I've been reading up a lot about bread, there's so many kinds out there. I wanted to understand how the ingredients we add, can change the texture of the bread. Also read about the differences in temperature, to knead or not to knead etc.
Truth is, it depends on the type of bread you want.
I wanted to make a sandwich bread with a light crumb, the kind that bounces back when touched.
The one I made this time has more fat, which in turn makes it softer and fluffier. The fat that you use will also change the texture/taste of the bread. A lot of people wont like the idea of adding 'fat' to a recipe, know that fat isn't synonymous with unhealthy. Too much of it can be bad, but in moderation there really isn't anything to worry about. It also depends on what fat you choose, there are good and bad kinds of fat.
There are many things you can do to help soften your bread, like brushing the outside with a little oil or fat. Do this as soon as you take it out of the oven, it will make the outside less crunchy. You can also substitute nut milk for the water, if you want a richer taste. There are so many different things to think about when baking!
I made this loaf for a brunch I had with friends, we wanted to have fondue with a set I got as a gift during the holidays. We cut the loaf into cubes, and dunked them in! Soft bread is perfect for fondue!
So there you have it! A basic black bread!
Pumpkin seeds can be prepared in many ways, one of the best ones is oven-roasted! It doesn't take a lot of time, and it makes a nice snack or add-on to soups or other meals.
I don't buy raw shelled pumpkin seeds often, because they're expensive. It helps to buy them in bulk, you pay less in the end. I had a gift certificate for a buy-in-bulk store left-over form my birthday (that helped too).
Roasted pumpkin seeds are delicious with almost anything, the sweet of the maple syrup with the spicy taste of the paprika is perfect. Subtle, but very good.
These beautiful heart beet bagels can be made for valentine's day, but imagine how great a thing it would be, to make these for someone you care about on a random day... for no specific reason. We shouldn't wait for special occasions, to cook amazing food for the people we love. Make some pink bagels today, just because!
Bagels are definitely a montreal thing. Walking by Fairmount bagel or St-Viateur, and not purchasing freshly baked goods is next to impossible.
The smell is just amazing.
When i was a teen, i didn't get to go into town often but when i did we would always stop by Fairmount bagel. The place was, and is still open 24 hours a day.
I live close to it now, and yet i never go. I enjoy making my own, they may not be fairmount quality but they are pretty damn good!
Make this for yourself or for someone you care about. Whether it be for v-day... or just because!
I baked a beautiful loaf of black sandwich bread, just to use in this recipe. Doesn't the idea of black french toast sound amazing? With a banana-base, and topped with freshly cut kiwi slices no less!
It was my first time baking black bread in a bread pan; usually I just opt for free-form loaves. But for sandwich and french toast purposes, it would work better if it was in that shape. You can make your own black bread, using my basic black bread recipe - it's very easy to make.
Usually when I make french toast, i'll use a soy milk as a base. I made some recently, using The simple veganista's Banana french toast recipe. I thought the idea was brilliant - i do love bananas in my breakfasts. By the way, she has a great 'orange french toast' recipe on her blog - you should make that too.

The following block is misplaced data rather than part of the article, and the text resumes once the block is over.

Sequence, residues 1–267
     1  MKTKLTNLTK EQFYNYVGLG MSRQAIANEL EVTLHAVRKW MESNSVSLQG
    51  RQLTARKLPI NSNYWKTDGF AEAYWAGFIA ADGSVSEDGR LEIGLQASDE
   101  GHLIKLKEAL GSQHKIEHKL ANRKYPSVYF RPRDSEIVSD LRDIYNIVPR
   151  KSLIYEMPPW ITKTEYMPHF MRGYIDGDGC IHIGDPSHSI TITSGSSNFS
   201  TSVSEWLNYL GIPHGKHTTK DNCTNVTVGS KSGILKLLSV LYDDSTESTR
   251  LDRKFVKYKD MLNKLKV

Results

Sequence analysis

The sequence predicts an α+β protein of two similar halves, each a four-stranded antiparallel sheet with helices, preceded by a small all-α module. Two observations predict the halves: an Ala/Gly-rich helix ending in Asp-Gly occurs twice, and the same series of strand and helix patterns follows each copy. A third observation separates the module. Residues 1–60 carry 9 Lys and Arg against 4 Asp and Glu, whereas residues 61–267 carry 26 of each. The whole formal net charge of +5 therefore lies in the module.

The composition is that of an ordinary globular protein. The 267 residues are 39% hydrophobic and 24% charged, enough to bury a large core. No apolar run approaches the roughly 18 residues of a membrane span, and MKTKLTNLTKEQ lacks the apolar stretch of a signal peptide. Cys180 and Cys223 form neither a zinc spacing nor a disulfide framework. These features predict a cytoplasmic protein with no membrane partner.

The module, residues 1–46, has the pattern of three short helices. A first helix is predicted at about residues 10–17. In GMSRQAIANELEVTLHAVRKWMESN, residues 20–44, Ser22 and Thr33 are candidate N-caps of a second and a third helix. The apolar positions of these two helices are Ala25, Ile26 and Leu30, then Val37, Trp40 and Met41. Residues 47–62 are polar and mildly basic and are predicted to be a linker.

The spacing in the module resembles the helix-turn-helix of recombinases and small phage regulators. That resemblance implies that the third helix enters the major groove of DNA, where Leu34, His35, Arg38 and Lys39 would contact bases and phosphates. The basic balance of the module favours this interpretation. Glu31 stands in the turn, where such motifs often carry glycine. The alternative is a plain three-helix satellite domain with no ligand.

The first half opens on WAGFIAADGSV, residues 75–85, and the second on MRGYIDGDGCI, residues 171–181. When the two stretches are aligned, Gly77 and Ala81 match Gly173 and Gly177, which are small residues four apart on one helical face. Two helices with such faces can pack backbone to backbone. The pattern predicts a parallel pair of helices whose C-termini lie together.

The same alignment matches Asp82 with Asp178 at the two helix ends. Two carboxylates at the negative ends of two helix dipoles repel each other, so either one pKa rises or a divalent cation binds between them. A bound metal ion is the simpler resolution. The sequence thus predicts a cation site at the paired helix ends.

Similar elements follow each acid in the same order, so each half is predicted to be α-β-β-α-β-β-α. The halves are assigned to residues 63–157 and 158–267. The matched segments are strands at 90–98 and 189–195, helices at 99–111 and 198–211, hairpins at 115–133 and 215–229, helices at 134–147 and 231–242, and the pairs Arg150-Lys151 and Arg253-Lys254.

Using bananas, makes for a more consistent morning meal. Most french toast recipes add nutmeg and cinnamon, but I prefer to just taste the fruit - Devine isn't a huge nutmeg fan anyway.
Made these on a weekday, tuesday morning french toast is great - fun breakfasts shouldn't only be reserved for weekends.
It's mini loaf craze, love baking with the mini pans I bought. Been making mini everything. This time, i made some anise bread topped with a sweet sauce, loaded with caramelized pear chunks.
My bag of anise seeds has been sitting in my pantry, for way too long, begging to be given a purpose.
I'm sorry I neglected you for so long anise seeds, you're delicious, and you smell so so nice. No hard feelings? We're good you and I right?
This recipe was inspired by a Pineapple and anise seed 'pudding chomeur' recipe on Will travel for food! I ended up making little cake breads, instead of pudding. Making them egg-free worked out nicely too! My cake breads have a less sugar than the pinapple pudding chomeur too.
You guys should pay 'Will travel for food' a visit! It's a Montreal blog too, how cool is that? More montreal cooking friends!
Summers in Montreal, go hand in hand with beer. There is such a wide variety of brews here. My corner store has a TON, most are made locally too. Me and Devine like craft beer a lot, hard to not drink everyday. To help satisfy our evergrowing craving, I decided to try and make hop flavoured ice cream!
Sweet and bitter! SUPER TASTY! Felt like I used just the right amount. This ice cream is definitely for people who love the smell and taste of hops (as well as cold summer dairy-free treats)!
I wasn't sure how to 'infuse' the hops into the ice cream base, we tried making hop tea by infusing it overnight in the fridge, but the taste wasn't strong enough. Felt we would get better results and better flavour, if the hops were heated. The pouch method worked pretty well, the ice cream base was perfect! Full of delicious bitterness! Devine suggested to make a concentrate with the hops first, and then mix it into the base next time. Another experiment! We tried another batch of hop tea a few days after, adding twice as many hops and it ended up tasting too strong. We'll stick to warm infusions for now.